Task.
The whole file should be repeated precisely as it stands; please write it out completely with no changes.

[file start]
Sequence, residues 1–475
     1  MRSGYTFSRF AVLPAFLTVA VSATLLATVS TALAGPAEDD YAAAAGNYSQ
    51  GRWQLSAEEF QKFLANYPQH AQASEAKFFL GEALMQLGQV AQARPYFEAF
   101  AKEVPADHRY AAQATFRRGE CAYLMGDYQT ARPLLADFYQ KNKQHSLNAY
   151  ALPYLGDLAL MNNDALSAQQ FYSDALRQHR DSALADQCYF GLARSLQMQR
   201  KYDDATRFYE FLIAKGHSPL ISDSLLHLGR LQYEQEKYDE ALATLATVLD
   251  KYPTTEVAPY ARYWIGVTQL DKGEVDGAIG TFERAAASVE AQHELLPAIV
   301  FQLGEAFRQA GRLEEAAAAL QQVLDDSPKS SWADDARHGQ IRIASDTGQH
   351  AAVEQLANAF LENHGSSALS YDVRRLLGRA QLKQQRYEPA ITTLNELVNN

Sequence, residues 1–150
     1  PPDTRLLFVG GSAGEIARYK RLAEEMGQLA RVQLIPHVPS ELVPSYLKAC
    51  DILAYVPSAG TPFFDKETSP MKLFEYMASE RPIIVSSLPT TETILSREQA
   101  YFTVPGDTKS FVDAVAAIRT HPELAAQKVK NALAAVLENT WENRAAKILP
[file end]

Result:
Sequence, residues 1–475
     1  MRSGYTFSRF AVLPAFLTVA VSATLLATVS TALAGPAEDD YAAAAGNYSQ
    51  GRWQLSAEEF QKFLANYPQH AQASEAKFFL GEALMQLGQV AQARPYFEAF
   101  AKEVPADHRY AAQATFRRGE CAYLMGDYQT ARPLLADFYQ KNKQHSLNAY
   151  ALPYLGDLAL MNNDALSAQQ FYSDALRQHR DSALADQCYF GLARSLQMQR
   201  KYDDATRFYE FLIAKGHSPL ISDSLLHLGR LQYEQEKYDE ALATLATVLD
   251  KYPTTEVAPY ARYWIGVTQL DKGEVDGAIG TFERAAASVE AQHELLPAIV
   301  FQLGEAFRQA GRLEEAAAAL QQVLDDSPKS SWADDARHGQ IRIASDTGQH
   351  AAVEQLANAF LENHGSSALS YDVRRLLGRA QLKQQRYEPA ITTLNELVNN

Sequence, residues 1–150
     1  PPDTRLLFVG GSAGEIARYK RLAEEMGQLA RVQLIPHVPS ELVPSYLKAC
    51  DILAYVPSAG TPFFDKETSP MKLFEYMASE RPIIVSSLPT TETILSREQA
   101  YFTVPGDTKS FVDAVAAIRT HPELAAQKVK NALAAVLENT WENRAAKILP